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ROSES ARE GROWING IN CONCRETE JUNGLES

By Brian K. Powell / b.powell3807@gmail.com

With all the negative news circulating in our society today, it is understandable when we overlook the positive productivity of those who are often the most vilified. While briefly working at YouthWorks – a summer youth jobs program in Baltimore, I was privileged to meet some of the most dynamic, inspiring young people, and their families. I experienced my community loving on myself and each other.

Apologetic Cop: There was an incident one Saturday morning at the War Memorial Building where cars were parked blocking the exit of a city parking garage. Anyone who has ever taken a young person downtown in Baltimore on a Saturday to register for YouthWorks knows what I'm talking about concerning the lack of parking. A Baltimore City police officer came into the lobby absolutely livid that after working a double shift, he was unable to leave the garage. He began to rant and berate me for allowing people to just park anywhere. I shared with him that I clearly was assigned to a post inside and had no way of monitoring activity outside. I shared with him that I would be able to assist with finding the vehicle owners and get them to move expeditiously. That was unsatisfactory to him as he stormed out saying he would get everyone towed. 15 to 20 minutes later he returned and requested that he be able to apologize to me in front of everyone. He apologized and we hugged, I later wished I had gotten his name. Experiencing the white officer come back and right his wrong was like seeing a rose blooming in a concrete jungle of racism and bigotry.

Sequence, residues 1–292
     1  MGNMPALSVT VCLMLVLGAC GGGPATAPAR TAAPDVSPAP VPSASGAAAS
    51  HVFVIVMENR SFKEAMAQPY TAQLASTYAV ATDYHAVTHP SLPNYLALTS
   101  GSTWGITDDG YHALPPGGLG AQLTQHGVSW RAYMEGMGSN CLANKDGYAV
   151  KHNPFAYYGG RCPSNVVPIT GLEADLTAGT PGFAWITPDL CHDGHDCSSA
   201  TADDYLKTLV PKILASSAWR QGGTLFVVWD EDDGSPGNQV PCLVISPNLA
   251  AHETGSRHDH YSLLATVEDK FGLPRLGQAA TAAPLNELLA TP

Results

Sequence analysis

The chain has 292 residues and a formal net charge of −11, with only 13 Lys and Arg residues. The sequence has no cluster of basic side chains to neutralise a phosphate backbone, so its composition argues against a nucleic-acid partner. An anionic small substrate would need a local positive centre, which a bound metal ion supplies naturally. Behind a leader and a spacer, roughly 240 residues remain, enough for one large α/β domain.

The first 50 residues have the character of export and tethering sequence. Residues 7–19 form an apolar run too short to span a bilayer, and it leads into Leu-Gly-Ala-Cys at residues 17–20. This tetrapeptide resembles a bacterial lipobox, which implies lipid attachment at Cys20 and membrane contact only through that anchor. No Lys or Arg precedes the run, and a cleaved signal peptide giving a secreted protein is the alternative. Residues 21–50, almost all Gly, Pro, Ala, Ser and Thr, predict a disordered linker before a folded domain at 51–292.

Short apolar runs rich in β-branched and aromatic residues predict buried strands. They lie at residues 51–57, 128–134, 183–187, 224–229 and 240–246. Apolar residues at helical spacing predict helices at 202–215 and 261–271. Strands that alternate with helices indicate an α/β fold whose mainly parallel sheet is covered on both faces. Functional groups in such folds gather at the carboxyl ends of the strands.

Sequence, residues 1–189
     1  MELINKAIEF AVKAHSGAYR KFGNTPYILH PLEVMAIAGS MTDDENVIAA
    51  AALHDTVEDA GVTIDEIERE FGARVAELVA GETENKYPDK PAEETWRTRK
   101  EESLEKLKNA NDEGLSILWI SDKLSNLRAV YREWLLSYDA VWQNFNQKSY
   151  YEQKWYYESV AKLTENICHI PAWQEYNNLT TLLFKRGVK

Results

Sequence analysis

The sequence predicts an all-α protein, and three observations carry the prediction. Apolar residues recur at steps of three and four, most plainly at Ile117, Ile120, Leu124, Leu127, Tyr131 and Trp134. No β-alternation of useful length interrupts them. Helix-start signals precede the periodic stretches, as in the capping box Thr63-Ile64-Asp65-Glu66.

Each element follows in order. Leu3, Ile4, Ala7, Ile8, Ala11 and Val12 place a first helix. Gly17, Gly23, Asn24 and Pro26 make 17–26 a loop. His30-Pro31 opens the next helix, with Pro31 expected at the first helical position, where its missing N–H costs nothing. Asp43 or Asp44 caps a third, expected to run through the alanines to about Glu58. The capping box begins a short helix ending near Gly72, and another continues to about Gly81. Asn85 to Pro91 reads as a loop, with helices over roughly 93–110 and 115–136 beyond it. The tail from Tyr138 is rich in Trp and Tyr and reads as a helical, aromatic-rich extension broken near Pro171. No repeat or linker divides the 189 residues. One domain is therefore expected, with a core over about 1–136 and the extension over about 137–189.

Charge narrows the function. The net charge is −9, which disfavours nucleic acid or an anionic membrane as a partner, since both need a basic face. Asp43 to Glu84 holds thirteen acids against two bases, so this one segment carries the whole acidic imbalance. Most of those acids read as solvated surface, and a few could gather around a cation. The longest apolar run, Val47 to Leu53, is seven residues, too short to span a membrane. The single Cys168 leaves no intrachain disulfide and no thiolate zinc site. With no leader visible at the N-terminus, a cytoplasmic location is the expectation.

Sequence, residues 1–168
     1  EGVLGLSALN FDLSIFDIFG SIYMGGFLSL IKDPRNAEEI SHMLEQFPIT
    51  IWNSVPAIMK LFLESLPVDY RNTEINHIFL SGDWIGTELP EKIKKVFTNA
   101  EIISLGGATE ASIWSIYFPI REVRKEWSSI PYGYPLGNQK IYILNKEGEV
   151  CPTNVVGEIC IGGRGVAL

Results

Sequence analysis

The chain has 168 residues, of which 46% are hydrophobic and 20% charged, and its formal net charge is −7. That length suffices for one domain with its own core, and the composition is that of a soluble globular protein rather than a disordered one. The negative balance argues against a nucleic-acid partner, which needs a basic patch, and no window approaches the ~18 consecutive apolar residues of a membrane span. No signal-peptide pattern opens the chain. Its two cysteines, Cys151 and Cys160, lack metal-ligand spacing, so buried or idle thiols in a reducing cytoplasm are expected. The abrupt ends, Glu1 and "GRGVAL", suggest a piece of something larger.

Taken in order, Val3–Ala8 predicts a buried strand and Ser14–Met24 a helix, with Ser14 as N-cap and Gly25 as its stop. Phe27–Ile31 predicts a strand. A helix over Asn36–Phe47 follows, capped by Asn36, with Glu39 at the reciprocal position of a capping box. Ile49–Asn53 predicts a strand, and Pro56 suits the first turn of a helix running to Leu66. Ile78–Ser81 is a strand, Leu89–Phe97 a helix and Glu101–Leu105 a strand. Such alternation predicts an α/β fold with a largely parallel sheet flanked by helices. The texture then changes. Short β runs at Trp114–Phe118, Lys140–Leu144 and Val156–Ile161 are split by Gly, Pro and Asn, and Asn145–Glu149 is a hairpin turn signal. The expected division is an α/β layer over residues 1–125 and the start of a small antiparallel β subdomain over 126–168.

Determined Youth: I met a young man and his mom who had applied for a YouthWorks summer job two previous summers with no success. Yet there they were - hopeful, polite, and he was dressed for success. He was determined that this was his summer. Truly a rose blooming in a concrete jungle of disappointment and rejection.

Compassionate Daughter: I experienced a teenage girl who was coming in for her job interview with a mother intoxicated and nodding. I watched her find somewhere for her mom to sit down (out of the way). She kissed her mom on the forehead and told her she would be back after the interview. The mother, who up to now had not uttered an understandable syllable, picked up her head and said, "good luck baby". Yes, our children are compassionate and empathetic. They are loving and respectable. Yes, there are roses growing in our concrete jungle!

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